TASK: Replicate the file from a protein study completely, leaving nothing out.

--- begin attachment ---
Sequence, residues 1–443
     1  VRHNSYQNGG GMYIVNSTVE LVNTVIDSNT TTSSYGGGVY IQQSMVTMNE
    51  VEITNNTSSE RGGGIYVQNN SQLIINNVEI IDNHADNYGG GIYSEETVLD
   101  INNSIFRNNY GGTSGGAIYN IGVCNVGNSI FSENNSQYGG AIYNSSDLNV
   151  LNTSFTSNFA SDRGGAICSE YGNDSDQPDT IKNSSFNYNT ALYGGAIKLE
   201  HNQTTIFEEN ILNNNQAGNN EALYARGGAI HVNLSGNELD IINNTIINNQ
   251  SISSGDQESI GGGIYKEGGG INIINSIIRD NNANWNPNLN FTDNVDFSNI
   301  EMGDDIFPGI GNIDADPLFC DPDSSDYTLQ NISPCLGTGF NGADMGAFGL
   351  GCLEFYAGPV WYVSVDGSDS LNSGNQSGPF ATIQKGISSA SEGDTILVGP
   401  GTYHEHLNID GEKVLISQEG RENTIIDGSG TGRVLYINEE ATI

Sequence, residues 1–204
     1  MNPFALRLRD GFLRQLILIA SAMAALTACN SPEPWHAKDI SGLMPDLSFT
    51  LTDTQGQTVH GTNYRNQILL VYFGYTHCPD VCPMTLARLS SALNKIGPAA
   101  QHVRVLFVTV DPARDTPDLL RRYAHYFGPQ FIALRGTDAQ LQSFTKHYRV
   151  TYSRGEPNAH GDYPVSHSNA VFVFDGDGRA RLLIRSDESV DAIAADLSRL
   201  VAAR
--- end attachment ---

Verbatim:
Sequence, residues 1–443
     1  VRHNSYQNGG GMYIVNSTVE LVNTVIDSNT TTSSYGGGVY IQQSMVTMNE
    51  VEITNNTSSE RGGGIYVQNN SQLIINNVEI IDNHADNYGG GIYSEETVLD
   101  INNSIFRNNY GGTSGGAIYN IGVCNVGNSI FSENNSQYGG AIYNSSDLNV
   151  LNTSFTSNFA SDRGGAICSE YGNDSDQPDT IKNSSFNYNT ALYGGAIKLE
   201  HNQTTIFEEN ILNNNQAGNN EALYARGGAI HVNLSGNELD IINNTIINNQ
   251  SISSGDQESI GGGIYKEGGG INIINSIIRD NNANWNPNLN FTDNVDFSNI
   301  EMGDDIFPGI GNIDADPLFC DPDSSDYTLQ NISPCLGTGF NGADMGAFGL
   351  GCLEFYAGPV WYVSVDGSDS LNSGNQSGPF ATIQKGISSA SEGDTILVGP
   401  GTYHEHLNID GEKVLISQEG RENTIIDGSG TGRVLYINEE ATI

Sequence, residues 1–204
     1  MNPFALRLRD GFLRQLILIA SAMAALTACN SPEPWHAKDI SGLMPDLSFT
    51  LTDTQGQTVH GTNYRNQILL VYFGYTHCPD VCPMTLARLS SALNKIGPAA
   101  QHVRVLFVTV DPARDTPDLL RRYAHYFGPQ FIALRGTDAQ LQSFTKHYRV
   151  TYSRGEPNAH GDYPVSHSNA VFVFDGDGRA RLLIRSDESV DAIAADLSRL
   201  VAAR